The Fresh Loaf

News & Information for Amateur Bakers and Artisan Bread Enthusiasts


idaveindy's picture

It was a cold blustery day, and I felt like some comfort food.  

Daniel Leader's book "Simply Great Breads" has a formula for yeast-raised fry bread.  

Years ago, I learned a simple way to make fry bread, without any leavening agent, just plain AP flour, salt, water, and powdered milk.  As the moisture steams/boils off, it sufficiently aerates the dough.  But I had forgotten the exact recipe.  Lightly dust with sugar while the oil is still wet on the fried bun.

"Fry bread" is not taking a piece of bread and frying it.  That would be toast. 

"Fry bread" is taking a piece of dough, usually in the form of a disc, and deep frying it, or pan-frying in a sufficient layer of oil/fat to approximate deep frying.

Using baking powder, yeast, or sourdough starter, makes an even fluffier piece of fry bread.

The trick is to not use too much leavening agent, and don't let it rise too long if using yeast/sourdough.  Too much will create a too big pocket of air.

I used mostly home-milled whole-grain flour.  It still worked well, as I let the dough sit a while to fully hydrate.

375 F seems to be a good temp.  I don't have a controlled temperature fryer.  I just used a wok and a thermometer. Setting 4 on the electric burner's control dial seems to maintain 375 F. But adding the room temp dough drops the oil's temp quickly, so I was almost constantly fiddling with the dial, usually starting by getting the oil up to 400/425 F right before putting the dough in the oil.

I made enough dough for four pieces, intending to eat two and save two for later.  I ended up eating all four.  Such is the danger of comfort food.

My hood fan over the stove merely filters the air, it does not vent to the outside.  So the oil frying smell lingered for a day or so.


I have one of those circular  "turbo convection ovens", which is the predecessor of the "air fryer."  It's a big glass bowl with the fan and heating element built into the lid.  I might try that to make fry bread.

dabrownman's picture

 Cold temperature means the LAB are producing acetic acid (tang) and warm means the LAB are producing Lactic acid; Bran acts like a buffer, besides providing all the great minerals and vitamins, in the dough. Bran allows the LAB to continue to produce acid at pH levels that would normally shut down the LAB from producing acid at all. 84 F is the best temp for yeast to reproduce and 92 F is the best temperature for LAB reproduction. At 93 F yeast are reproducing at a restricted rate like it was 44F. So, if you restrict yeast reproduction and promote LAB reproduction you are vastly increasing the LAB to yeast ratio in the starter and dough. More LAB and less yeast mean more acid production over a longer time and a more sour bread because proofing times are extended due to less yeast in the mix.  A great SD bread has both tang and sour! This basic science was the foundation of the No Muss No Fuss Whole Rye Starter and how  to make more sour bread.  You can manipulate the LAB to yeast ratio in starters and dough and you can control the tang and sour in your breads using temperature and science.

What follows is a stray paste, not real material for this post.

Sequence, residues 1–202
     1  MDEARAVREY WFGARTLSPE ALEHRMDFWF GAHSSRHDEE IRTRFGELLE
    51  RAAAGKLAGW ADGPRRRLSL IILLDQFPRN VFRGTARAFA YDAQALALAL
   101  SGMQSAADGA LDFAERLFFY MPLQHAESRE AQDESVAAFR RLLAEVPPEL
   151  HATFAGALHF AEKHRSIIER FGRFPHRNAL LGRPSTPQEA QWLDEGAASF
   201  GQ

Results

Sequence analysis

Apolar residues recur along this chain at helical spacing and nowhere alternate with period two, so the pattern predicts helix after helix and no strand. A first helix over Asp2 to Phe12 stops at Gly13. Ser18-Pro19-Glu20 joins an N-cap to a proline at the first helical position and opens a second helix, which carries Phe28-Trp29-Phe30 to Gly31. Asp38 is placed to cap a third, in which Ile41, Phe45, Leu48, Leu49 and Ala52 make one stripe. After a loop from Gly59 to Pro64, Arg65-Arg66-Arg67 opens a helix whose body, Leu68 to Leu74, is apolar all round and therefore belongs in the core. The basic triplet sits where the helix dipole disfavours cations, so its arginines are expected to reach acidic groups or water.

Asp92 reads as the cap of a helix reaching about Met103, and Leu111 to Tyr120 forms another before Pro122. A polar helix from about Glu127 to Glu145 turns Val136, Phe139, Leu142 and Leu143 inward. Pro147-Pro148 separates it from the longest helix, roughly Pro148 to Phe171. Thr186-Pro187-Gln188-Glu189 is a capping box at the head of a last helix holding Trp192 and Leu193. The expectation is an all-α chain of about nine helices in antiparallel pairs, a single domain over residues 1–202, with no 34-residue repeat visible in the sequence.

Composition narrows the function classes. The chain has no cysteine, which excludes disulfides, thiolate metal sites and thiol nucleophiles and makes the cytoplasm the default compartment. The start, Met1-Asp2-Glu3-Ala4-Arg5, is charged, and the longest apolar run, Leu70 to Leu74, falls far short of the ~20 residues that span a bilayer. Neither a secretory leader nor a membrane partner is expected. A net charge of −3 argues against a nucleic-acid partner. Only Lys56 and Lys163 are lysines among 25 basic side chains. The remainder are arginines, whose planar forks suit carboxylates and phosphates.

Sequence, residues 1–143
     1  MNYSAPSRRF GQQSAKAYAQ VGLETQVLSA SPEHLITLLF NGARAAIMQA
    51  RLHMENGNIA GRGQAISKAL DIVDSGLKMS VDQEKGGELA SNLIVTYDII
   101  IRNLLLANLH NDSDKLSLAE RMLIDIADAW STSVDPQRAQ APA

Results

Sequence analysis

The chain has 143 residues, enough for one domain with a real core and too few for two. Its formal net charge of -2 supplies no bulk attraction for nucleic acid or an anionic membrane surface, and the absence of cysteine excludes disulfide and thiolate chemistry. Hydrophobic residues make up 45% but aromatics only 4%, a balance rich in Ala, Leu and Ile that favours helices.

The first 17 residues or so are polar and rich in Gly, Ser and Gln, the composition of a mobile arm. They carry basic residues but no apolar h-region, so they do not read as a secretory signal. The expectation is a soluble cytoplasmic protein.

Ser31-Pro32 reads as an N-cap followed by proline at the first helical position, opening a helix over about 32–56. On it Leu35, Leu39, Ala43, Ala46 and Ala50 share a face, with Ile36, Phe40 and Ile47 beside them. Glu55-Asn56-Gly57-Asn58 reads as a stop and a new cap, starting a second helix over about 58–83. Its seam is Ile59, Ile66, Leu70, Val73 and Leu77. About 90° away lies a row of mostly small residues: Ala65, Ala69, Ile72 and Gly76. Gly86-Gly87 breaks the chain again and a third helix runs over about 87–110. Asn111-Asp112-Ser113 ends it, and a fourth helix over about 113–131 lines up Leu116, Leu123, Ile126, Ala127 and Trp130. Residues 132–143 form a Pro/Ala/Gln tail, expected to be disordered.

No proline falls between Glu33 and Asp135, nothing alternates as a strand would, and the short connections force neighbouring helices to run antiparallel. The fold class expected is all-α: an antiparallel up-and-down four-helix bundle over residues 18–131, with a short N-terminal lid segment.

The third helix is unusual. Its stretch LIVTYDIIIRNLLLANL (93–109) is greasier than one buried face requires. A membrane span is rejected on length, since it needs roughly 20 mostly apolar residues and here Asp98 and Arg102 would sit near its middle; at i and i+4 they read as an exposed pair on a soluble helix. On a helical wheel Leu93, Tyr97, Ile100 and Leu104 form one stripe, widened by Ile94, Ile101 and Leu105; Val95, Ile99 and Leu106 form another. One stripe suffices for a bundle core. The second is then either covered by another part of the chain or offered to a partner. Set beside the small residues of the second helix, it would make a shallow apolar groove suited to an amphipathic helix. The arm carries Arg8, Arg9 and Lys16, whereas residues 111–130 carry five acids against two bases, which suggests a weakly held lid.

Happy Sourdough baking.

Short Crust Bottom and Puff Paste Top for the latest Apple Pie with ginger and snockered fruits with Vanilla Bean Ice Creame

TwoCats's picture

In trying to understand the mechanics of how to achieve certain types of crumbs, I pushed my bulk rise a bit in hopes of achieving the characteristic lacy crumb. I think I got it!

dabrownman's picture

getting home to Seattle from his one on one, exclusive, Holiday SD Bread Making Lesson in Arizona with Lucy!  He gets it now!

A Thing of Beauty it is!

Used 24 week retarded NMNF rye starter 10 g to make a 50 g WW, 100% hydration starter.  79% hydration overall with 26% whole wheat, the rest half bread flour and the other half AP.  I set of slap and folds to mix followed by 4 sets of stretch and and folds from the compass points on 30 minute interval.  3 hours final proof in a basket.   Baked at 475 F in a combo cooker preheated to 525 F with lid on and 10 min at 450 F lid off removed from bottom of combo cooker to oven rack 5 min after lid came off.  This sounds very familiar:-)  He has a proofer on his oven to keep everything at 80 F though!  He said it isn't as tasty as mine though but he knows why - no 1-2 day retard ff the levain and no overnight retard for the final proof but he didn't have the time since they were going skiing at Whistler's.  Still very nice!